Saturday, June 24, 2000The main event of the final day of the conference was the talk of ID's undisputed star, William Dembski. Much of the presentation was devoted to an exposition of Dembski's method for detecting design — "The Design Inference" (TDI). Dembski had prepared enough material for several presentations, so he was unable to give more than a fleeting description of the details of TDI. Because there was too much material for the format and time allowed, Dembski skipped over numerous details and omitted connections among important ideas. The result was a presentation that appeared disorganized and disjointed — the lasting impression is of a series of symbolic statements that were meant to show the steps in the explanatory filter that Dembski proposes as the basis for TDI. However, Dembski's presentation was so abridged that these formulas were neither well explained nor clearly related to his TDI. RNCSE readers interested in Dembski's method for detecting design should consult Wesley Elsberry's recent review-essay in RNCSE (Elsberry 1999).
The second major event on Saturday was a panel discussion entitled "Prospects for Design". The participants were Paul Nelson, Edward Davis, Kelly Smith, and Lenny Moss. Nelson told the audience that the real issue is to provide an argument against methodological naturalism (MN), which he called one of the worst philosophies of science. Nelson characterized MN as absolute rubbish and characterized himself as someone interested in getting at the truth about the world. He said that his purpose was to show the limits of MN, not to set out the future direction of ID.
Nelson provided a definition of MN based on the characterization by the National Academy of Sciences (NAS): "The statements of science must invoke only natural things and processes" (NAS 1998: 42). Nelson's question to the audience was, "Should this be so? Should we separate the natural from the supernatural?" Nelson argued that we should discard the supernatural-natural distinction in favor of the intelligent-natural distinction. We should, Nelson said, institute a research program for intelligent causation — but true to his promise, Nelson did not suggest what such a program would entail.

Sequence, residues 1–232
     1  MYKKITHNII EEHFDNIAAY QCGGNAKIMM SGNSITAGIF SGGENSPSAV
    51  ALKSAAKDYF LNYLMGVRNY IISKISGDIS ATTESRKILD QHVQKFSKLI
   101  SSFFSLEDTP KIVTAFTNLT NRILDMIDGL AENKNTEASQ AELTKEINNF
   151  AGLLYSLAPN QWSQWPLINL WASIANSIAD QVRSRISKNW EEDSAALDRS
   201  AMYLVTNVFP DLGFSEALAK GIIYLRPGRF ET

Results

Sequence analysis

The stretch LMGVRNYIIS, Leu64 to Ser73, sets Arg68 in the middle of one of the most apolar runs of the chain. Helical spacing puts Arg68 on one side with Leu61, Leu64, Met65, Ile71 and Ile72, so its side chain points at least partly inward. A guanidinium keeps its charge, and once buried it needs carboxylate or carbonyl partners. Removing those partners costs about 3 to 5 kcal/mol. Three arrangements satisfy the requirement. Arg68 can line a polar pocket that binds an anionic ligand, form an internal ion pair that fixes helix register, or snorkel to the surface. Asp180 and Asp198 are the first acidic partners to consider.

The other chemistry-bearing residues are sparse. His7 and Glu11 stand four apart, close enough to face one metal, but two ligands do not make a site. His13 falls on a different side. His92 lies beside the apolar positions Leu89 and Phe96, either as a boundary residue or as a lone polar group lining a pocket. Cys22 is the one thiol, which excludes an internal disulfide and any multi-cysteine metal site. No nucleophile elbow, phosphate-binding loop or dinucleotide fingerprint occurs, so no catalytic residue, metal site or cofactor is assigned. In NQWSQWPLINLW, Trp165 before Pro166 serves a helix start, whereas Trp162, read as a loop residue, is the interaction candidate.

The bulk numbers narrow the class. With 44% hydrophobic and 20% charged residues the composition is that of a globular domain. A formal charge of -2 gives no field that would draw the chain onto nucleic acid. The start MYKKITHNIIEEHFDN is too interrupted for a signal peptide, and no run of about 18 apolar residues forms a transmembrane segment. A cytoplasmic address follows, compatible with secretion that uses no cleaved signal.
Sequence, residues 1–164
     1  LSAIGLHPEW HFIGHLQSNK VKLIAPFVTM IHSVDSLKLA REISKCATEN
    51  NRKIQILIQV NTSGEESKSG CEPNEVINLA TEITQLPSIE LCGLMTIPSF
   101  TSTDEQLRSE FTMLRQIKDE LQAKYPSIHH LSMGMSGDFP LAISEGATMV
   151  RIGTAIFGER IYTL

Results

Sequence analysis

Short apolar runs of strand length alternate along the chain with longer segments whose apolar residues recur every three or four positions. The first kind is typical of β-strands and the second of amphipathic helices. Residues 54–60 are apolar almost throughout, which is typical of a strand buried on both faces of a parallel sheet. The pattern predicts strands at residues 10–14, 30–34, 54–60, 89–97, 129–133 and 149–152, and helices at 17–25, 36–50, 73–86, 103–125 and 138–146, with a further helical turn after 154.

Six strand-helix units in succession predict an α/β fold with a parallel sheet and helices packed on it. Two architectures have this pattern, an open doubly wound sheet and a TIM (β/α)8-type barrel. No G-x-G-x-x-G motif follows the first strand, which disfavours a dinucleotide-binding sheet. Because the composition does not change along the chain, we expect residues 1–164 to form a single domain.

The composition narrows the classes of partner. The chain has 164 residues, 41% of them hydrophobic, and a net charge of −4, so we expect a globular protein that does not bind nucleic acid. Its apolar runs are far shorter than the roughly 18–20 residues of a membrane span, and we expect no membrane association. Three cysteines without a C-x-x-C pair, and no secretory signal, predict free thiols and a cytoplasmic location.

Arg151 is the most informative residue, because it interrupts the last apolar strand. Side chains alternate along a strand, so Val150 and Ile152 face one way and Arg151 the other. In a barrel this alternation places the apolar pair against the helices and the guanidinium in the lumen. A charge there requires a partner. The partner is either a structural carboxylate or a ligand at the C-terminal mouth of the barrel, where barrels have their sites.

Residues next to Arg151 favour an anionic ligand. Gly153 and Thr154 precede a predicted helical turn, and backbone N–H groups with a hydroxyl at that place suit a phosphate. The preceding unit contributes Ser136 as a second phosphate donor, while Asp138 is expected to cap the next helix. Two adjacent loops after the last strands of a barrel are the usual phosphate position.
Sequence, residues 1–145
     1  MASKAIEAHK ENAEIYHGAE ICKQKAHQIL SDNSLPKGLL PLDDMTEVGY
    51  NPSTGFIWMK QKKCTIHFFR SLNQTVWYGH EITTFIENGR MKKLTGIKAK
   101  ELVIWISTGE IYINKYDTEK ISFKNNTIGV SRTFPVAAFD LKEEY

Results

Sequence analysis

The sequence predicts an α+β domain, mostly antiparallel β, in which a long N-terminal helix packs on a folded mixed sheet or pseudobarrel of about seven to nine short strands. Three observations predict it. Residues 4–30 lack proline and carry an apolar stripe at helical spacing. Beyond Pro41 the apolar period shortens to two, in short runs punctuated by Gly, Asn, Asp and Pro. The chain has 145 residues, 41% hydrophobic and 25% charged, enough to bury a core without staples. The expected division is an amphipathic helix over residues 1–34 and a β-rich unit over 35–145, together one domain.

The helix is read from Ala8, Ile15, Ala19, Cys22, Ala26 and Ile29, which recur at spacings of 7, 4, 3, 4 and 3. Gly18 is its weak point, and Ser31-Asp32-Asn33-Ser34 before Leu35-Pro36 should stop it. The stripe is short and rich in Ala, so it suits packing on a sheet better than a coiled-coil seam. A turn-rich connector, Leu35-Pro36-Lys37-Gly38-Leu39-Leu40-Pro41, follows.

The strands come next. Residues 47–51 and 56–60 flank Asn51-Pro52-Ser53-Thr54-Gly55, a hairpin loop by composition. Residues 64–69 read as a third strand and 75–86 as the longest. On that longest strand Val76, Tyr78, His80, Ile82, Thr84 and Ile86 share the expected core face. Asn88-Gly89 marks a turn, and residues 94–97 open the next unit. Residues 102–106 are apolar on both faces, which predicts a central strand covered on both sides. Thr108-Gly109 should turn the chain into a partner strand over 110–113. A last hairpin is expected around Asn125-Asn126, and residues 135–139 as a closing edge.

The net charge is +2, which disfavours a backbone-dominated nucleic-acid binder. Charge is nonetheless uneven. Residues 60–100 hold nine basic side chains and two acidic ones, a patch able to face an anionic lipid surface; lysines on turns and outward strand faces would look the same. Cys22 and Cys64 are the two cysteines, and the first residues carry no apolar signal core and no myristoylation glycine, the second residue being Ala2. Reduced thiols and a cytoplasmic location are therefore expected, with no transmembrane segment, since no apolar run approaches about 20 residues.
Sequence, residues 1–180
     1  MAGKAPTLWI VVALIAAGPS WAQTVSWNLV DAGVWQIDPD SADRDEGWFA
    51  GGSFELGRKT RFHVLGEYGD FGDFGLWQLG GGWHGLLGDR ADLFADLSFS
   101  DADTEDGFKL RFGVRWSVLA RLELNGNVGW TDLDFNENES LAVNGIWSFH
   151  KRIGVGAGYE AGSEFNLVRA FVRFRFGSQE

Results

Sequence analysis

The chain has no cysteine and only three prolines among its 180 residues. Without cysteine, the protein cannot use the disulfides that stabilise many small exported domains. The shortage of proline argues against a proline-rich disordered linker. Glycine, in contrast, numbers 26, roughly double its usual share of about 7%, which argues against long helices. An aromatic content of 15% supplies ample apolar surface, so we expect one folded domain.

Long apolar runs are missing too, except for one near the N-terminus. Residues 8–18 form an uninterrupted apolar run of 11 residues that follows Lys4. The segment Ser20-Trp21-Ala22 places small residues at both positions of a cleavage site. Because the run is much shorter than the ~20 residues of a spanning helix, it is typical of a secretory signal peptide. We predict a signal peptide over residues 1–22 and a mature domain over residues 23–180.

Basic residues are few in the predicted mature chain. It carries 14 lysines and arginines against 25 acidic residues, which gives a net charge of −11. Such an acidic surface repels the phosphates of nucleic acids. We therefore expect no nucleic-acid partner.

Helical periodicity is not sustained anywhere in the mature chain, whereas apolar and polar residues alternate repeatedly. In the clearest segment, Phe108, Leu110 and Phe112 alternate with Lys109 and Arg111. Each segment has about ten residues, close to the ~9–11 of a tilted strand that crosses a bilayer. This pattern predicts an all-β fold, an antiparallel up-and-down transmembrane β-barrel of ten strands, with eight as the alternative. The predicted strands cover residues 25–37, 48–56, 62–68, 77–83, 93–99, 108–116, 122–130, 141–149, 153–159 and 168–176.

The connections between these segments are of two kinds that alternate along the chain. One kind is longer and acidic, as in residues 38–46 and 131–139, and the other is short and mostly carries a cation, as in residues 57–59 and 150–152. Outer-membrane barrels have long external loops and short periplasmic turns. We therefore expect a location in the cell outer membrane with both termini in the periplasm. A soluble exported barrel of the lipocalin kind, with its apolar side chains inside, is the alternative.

Most of Nelson's presentation was an exploration of how MN supposedly limits our ability to find out what is true. In Nelson's example, a homicide detective faced with a dead body must consider 4 possible explanations in order to determine the real cause of death. Two of these require no intelligent agent — natural causes and accidents — but the other 2 are caused by the actions of just such an agent — suicide and homicide. According to Nelson, MN would limit the homicide detective's investigation to death by natural causes or accident and would leave out suicide and homicide — both actions of an intelligent agent. In the real world, Nelson argued, even if death were never to occur by suicide and homicide, they would remain causal probabilities — that is, they could occur — and, according to Nelson, if we do not consider homicide and suicide to determine that they do not explain the death we are investigating, then we cannot know for sure that our explanations are true. Unless he considers and rules out the possibility of murder and suicide, the detective cannot be justifiably confident that he has solved the case. Likewise, Nelson argued, we should not exclude intelligent design from the scientific "toolkit".
According to MN, Nelson told the audience, the tools in the scientific toolkit are natural laws (Nelson called them "physical" laws) and chance. Nelson argued that a third tool, intelligent design, belongs in the toolkit of science too. Even if we never need to invoke ID, Nelson told the audience, a naturalistic interpretation of evidence can never be completely justified unless ID is considered and ruled out. Even Darwin lived and worked in an environment with all 3 tools, said Nelson, and it did no harm to his science. Likewise, Nelson assured us, it will do no harm for us to consider ID when the evidence warrants it.
In summary, Nelson argued that science cannot discover what it excludes a priori. If science is a truth-seeking endeavor (as he assumes), then MN belongs on the rubbish heap of history because it limits scientists to a flawed investigative process that fails to include all the explanatory possibilities.